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Historic Find: $2.5M of WWII-Era Money Found Beneath Store Churchill Visited

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Thinking of Winston Churchill walking around Britain provides visitors with plenty of history to follow in its footsteps. A recent fortunate find beneath a store is tailor-made for this history.

About an inflation-adjusted $2.5 million of bank notes that date all the way back to World War II were discovered at Cotswold Outdoor store in Brighton, which was formerly Bradley Gowns, a branch of a well-known London-based tailor shop at which Churchill and his wife shopped, Fox News reports. While the notes aren’t in great condition, they are identifiable, but why the notes were buried and by whom remain mysteries.

The money was found under the floorboards of Cotswold Outdoor store when construction workers were tearing up carpet and tiles. Russ Davis, owner of the store, didn’t realize what he discovered at first because everything was so old and stuck together.

“I just thought it was a block of wood, so I snapped it in half and then found a £1 note,” Davis said, according to an interview with the BBC. “Some of them were really bad, where you could see the metal water marks that run through the notes,” he added.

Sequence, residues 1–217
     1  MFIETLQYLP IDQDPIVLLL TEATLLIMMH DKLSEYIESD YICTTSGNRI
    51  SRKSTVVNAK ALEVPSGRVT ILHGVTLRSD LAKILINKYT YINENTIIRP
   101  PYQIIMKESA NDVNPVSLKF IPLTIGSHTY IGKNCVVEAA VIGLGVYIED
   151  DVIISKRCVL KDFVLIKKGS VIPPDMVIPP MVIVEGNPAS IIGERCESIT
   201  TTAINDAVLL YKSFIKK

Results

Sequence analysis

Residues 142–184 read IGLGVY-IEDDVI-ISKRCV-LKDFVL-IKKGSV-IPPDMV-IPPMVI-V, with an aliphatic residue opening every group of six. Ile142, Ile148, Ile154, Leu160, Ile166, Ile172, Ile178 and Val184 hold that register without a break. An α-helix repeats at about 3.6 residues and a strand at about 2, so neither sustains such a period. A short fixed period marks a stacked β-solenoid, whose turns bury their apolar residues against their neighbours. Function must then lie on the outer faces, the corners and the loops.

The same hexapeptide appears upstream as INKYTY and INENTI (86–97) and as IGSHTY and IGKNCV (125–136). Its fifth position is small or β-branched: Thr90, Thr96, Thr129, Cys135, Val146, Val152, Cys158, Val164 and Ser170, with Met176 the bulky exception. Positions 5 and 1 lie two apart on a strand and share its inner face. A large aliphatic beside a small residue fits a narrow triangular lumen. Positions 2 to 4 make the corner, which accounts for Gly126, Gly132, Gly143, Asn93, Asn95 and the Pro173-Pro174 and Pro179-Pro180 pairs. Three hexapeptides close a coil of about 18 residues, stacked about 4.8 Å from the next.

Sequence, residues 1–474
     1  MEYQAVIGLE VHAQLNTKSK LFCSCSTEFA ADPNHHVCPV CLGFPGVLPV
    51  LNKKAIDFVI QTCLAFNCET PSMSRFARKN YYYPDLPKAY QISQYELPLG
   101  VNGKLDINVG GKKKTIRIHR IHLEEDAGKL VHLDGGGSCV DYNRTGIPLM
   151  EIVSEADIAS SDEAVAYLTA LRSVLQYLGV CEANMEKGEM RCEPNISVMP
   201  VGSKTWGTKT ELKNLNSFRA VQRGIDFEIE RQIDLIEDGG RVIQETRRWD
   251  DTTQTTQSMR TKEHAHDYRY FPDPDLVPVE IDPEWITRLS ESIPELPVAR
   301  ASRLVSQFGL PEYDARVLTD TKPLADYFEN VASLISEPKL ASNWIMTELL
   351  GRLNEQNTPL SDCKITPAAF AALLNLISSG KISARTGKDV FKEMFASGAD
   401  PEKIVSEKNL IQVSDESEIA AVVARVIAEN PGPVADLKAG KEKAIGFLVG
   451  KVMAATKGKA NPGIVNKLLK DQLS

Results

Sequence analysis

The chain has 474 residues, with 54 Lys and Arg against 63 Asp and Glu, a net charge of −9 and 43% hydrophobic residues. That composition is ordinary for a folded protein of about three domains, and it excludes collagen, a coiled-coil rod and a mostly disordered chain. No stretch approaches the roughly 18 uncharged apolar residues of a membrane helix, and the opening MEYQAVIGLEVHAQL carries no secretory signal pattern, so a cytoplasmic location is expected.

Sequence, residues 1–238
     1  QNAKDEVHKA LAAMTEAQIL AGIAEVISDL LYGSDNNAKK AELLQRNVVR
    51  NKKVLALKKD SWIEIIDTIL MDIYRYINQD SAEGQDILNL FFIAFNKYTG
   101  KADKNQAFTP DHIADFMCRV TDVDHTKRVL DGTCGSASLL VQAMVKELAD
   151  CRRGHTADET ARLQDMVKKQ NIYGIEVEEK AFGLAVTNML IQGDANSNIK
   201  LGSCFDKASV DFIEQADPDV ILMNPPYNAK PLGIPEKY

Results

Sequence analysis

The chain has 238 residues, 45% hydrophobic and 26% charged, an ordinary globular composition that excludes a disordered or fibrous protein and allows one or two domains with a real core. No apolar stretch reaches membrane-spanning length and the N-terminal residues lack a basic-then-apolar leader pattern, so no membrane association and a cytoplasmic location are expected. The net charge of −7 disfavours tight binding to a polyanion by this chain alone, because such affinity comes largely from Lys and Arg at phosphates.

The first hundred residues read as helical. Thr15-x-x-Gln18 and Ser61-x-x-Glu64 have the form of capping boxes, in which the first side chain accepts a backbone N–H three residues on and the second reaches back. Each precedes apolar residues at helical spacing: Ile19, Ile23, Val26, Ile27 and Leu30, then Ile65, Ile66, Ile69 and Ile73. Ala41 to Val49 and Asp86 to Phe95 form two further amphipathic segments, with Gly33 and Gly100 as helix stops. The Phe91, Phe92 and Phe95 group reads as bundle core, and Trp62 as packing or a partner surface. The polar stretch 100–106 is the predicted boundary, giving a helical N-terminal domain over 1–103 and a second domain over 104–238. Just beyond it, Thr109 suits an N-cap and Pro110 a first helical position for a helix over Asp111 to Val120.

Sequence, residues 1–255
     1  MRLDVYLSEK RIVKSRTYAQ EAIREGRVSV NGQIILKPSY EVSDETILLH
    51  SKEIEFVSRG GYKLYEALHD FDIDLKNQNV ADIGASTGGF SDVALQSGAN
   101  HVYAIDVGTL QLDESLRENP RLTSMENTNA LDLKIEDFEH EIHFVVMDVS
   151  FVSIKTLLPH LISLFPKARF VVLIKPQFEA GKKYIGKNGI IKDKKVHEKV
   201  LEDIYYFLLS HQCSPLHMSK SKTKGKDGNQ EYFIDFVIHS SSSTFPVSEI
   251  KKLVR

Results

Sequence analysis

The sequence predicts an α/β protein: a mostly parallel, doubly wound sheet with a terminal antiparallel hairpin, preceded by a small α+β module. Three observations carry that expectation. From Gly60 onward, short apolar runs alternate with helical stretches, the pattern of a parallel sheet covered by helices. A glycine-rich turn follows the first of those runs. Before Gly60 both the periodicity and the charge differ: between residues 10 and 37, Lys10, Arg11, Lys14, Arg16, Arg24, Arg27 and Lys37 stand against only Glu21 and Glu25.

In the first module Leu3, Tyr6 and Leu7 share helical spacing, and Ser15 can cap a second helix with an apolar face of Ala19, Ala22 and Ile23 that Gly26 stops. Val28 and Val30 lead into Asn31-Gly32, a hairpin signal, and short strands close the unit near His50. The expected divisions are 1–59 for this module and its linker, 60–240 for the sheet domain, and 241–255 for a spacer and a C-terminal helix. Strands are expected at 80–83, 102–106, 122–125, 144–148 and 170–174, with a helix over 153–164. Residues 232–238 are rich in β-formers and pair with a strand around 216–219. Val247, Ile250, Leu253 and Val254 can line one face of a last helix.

AOL reports that 30 bundles of £1 and £5 bank notes totaling £30,000 make up the $2.5 million, adjusted for inflation. The New York Post said that Sussex police now possess the notes.

The blue notes indicate the era of the notes, printed in a time when the fate and order of the world were very much in question. Today’s British notes are green, and the £1 ceased circulation in the late 1980s.

Nobody knew why the money was buried, but Davis speculated that it could have been money robbers were hiding while they waited for the stolen money to cool off. The New York Post also reported that another suggestion was that the money was meant to help Jews flee if the Nazis came to town. “We are English back to I don’t know when, but I know there is Jewish blood in the family,” Bradley Gowns, heir to the old family business, said in comments obtained by the Post. “They might have worried they’d have to buy their way out of England. Maybe it was part of a getaway plan,” Bradley said.

The find comes on the heels of two other recent and similar discoveries. A rare nickel from 1913, the Eliasberg 1913 Liberty Head Nickel and one of only five ever produced, will be auctioned by Stack’s Bowers Galleries in August. It is expected to sell for an estimated price between $3 million and $5 million, according to Fox News. A New England man last April had a gold $5 Gold Rush-era coin from the San Francisco Mint that was certified as real and worth millions of dollars now.

Only time will tell if and when more of these rarities are unearthed and give us more windows into the past.

By: Amy Linwood

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